The fatal shooting on 14 June 2012 of Mako Tabuni, deputy head of the National Committee of West Papua (KNPB), in Jayapura, capital of Papua province, made Senate Estimates in 2012. The shooting of three protesters in Sorong on 30 April 2013, West Papua province, was mentioned in the testy 5 June 2013 exchanges between Senators Carr and Di Natale. You can watch it above.

In the first incident, detectives shot a suspect in the leg as he was running away and then left him to die in a hospital allegedly without making any effort to treat his wounds. In the second, police claim they were threatened by armed KNPB activists. Without more information it is difficult to judge if their response was disproportionate. Police always say they are shooting in self-defense, but it has become such a common excuse that it has started to lose its plausibility.

Cases outside Papua do not garner much attention in Australia, but lethal shootings happen all the time. On 1 September 2011 seven villagers were killed during a rowdy protest against police brutality in the Central Sulawesi district of Buol, a place so obscure even most Indonesians cannot find it on a map.

On 7 March 2013, soldiers burned down a police station in Baturaja, South Sumatra, after their off-duty comrade, First Private Heru Oktavianus, was shot dead by a police officer while speeding away from a traffic violation.

On 8 May 2013 police in Java killed six suspected terrorists in a series of raids. The police usually claim the suspects were armed and resisted arrest. But it is not always true, and many could have almost certainly been captured alive.

Ordinary criminals are shot with distressing frequency, as my daughter's visitor suggests, without any outcry at home or abroad.

Perkap 8 was signed by the then police chief Sutanto, a real reformer. It has not gotten very far. One foreign police officer working on a bilateral community policing program in a large metropolitan command told me he had once seen a copy of the Perkap on the chief's desk but suspected it had been disseminated no further.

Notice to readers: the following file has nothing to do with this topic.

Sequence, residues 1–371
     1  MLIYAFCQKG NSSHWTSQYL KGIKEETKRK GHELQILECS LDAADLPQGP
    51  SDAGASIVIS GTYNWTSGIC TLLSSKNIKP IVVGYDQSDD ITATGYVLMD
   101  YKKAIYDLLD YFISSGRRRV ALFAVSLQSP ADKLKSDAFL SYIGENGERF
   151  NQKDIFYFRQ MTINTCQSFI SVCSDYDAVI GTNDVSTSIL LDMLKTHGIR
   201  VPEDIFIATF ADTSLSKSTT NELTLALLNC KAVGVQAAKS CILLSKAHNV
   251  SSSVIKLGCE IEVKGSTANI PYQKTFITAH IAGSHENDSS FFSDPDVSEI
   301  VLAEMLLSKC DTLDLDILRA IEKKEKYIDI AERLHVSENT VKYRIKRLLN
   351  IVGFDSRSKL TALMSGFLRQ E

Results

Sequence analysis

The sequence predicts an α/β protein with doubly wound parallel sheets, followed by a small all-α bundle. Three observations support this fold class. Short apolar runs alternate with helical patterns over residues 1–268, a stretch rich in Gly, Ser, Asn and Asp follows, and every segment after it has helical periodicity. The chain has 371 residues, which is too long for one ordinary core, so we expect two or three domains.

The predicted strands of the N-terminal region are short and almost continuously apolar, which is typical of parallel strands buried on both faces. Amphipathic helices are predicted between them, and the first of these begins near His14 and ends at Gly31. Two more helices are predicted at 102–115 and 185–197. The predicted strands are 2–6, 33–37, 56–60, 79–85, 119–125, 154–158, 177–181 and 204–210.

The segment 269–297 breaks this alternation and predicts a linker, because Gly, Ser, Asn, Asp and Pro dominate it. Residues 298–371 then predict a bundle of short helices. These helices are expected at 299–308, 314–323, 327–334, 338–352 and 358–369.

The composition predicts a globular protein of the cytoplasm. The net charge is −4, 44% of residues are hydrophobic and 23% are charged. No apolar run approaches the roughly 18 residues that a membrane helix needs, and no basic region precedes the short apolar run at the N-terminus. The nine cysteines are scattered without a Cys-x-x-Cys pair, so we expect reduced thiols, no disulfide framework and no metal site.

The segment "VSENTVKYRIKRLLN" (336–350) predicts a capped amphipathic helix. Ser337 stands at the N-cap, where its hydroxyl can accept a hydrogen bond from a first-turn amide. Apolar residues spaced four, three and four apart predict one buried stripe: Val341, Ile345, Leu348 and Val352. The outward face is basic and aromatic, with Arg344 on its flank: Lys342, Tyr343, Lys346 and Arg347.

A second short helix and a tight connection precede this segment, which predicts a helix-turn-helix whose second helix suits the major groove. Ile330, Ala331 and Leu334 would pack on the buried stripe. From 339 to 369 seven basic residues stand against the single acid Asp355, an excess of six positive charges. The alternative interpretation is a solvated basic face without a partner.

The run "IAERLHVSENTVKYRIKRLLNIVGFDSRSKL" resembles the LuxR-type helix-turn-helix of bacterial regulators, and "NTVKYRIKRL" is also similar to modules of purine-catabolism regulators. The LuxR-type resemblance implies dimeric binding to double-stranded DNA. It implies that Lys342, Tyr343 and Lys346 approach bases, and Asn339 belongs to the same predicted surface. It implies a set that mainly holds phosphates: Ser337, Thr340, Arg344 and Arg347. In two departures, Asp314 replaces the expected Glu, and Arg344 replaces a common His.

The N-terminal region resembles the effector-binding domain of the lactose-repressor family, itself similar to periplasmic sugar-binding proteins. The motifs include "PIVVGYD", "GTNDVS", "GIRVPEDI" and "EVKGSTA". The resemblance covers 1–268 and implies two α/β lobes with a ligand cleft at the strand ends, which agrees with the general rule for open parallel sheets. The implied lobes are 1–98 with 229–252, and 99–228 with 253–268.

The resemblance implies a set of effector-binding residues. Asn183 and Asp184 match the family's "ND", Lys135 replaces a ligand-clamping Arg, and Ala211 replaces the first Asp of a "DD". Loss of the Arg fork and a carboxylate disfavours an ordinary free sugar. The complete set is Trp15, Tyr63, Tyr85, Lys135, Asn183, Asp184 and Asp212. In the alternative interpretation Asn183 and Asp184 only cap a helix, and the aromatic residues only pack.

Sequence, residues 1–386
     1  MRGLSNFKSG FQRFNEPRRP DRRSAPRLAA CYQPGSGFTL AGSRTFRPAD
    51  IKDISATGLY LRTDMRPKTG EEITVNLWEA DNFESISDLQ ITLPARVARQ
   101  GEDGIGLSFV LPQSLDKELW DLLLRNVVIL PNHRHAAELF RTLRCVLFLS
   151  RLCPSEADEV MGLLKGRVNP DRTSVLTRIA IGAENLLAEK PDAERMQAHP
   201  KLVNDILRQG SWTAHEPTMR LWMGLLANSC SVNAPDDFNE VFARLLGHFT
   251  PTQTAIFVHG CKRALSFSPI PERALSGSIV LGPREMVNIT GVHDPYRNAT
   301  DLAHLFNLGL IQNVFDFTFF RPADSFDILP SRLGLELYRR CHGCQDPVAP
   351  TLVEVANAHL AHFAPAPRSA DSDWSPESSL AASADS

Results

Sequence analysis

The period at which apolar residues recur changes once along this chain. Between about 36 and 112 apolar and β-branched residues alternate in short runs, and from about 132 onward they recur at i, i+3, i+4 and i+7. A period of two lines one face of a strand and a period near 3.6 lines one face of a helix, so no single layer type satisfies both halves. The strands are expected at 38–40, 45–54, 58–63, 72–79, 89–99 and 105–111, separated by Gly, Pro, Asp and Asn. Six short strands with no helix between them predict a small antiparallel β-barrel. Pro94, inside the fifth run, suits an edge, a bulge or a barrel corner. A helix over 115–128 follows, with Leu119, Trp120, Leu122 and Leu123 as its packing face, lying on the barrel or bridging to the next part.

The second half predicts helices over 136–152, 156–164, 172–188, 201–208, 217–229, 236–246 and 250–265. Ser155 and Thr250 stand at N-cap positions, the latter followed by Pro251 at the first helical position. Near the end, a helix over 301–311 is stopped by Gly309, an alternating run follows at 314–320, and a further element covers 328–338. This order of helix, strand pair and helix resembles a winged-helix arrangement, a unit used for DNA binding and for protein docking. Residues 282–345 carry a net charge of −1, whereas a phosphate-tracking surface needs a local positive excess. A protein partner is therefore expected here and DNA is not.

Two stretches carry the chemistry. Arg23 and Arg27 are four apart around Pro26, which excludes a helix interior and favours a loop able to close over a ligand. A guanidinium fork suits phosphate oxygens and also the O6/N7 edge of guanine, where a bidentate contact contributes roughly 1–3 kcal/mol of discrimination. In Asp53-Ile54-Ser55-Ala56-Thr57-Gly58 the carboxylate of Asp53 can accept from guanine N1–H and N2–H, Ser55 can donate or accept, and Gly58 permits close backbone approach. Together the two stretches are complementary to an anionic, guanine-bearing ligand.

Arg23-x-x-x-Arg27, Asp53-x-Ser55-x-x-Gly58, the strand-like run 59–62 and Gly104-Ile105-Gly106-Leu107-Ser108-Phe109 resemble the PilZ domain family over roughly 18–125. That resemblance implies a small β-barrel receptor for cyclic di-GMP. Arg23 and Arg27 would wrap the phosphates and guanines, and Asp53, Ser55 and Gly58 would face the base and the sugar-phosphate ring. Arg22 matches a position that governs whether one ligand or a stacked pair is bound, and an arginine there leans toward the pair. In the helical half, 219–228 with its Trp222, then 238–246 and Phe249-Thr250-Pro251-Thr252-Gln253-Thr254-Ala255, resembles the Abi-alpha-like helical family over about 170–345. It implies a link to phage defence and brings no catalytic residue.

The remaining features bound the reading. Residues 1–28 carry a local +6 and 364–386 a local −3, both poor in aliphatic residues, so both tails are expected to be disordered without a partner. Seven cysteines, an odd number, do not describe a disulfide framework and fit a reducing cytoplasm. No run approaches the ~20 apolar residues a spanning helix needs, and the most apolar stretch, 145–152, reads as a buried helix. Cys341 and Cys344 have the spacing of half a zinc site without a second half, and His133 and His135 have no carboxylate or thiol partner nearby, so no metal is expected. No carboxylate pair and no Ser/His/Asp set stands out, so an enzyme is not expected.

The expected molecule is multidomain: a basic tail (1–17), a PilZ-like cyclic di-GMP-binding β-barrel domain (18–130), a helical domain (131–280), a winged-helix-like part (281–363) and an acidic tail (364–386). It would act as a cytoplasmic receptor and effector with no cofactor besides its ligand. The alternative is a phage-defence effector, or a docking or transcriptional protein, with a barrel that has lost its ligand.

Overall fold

Even when progressive regulations or orders are issued and disseminated, they are not always followed. In October 2012, the police chief of Papua, Tito Karnavian, former head of the anti-terrorism unit Detachment 88 (Densus 88), announced that he had banned police from using live ammunition when handling demonstrations in the region. This was progress and it was implemented for some demos, but the deaths in the Sorong case suggest live ammunition was used.

As Article 46 of Perkap 8 says, 'all officers must be trained in the use of power, equipment and firearms that can be used in applying force' and 'must be trained in non-violent techniques and methods.' Training almost 400,000 officers across 33 provinces is a logistical challenge, though it might be a good idea to start with elite units such as Densus 88 or personnel in the Papua provinces.

The new national head of the INP, about to be appointed, might breathe new life into two reforms already in place: implementation of Perkap 8 and Chief Sutanto's other landmark regulation on community policing, Perkap 7. The INP is a very hierarchical organisation that does follow firm orders from above. While its size makes complex reform difficult, its hierarchical nature makes implementing existing regulations with firm orders easier.

The first duty of the incoming INP chief, who reports directly to the president, will be to secure the 2014 elections. Making sure those deployed to safeguard this 'festival of democracy' are properly trained and equipped to use non-lethal force will be an important first step. After a new head of state is elected, he or she should consider issuing a directive that would see Perkap 8 properly implemented. The use of less deadly force could even be politically popular in some parts.

Outside help may also be needed, and this is where Australia comes in. A few decades back, the Victorian state police had a problem of using too much deadly force and created Project Beacon to try to rectify it. They changed the way they thought about the problem, overhauled training, and gave officers on the beat new tools, like pepper spray. Foreign assistance along these lines could help the INP improve performance and increase accountability. Crisis Group has long argued that the INP needs better orders, training, and equipment for the use of non-deadly force.

If the INP is to be more the service it aspires to be rather than the force it is, it needs to shed its military mindset, hold serious post-operation reviews after each fatal incident, and decrease reliance on shooting first and asking questions later, regardless of whether officers are following locally accepted standard procedure. When the time comes and the INP is ready to carry forward the reform of Perkap 8, Australia should be there to help.